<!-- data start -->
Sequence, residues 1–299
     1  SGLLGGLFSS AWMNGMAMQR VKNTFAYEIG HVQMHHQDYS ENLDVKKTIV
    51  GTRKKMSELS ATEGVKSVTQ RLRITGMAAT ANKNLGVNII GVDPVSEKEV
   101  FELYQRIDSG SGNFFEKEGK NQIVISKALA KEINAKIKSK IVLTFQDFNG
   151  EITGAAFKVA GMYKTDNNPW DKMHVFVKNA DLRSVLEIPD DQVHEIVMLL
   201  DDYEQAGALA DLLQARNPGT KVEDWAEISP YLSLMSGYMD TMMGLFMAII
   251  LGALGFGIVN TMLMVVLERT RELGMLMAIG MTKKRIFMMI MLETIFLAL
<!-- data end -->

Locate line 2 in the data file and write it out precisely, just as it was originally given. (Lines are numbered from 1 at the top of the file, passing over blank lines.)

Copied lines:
     1  SGLLGGLFSS AWMNGMAMQR VKNTFAYEIG HVQMHHQDYS ENLDVKKTIV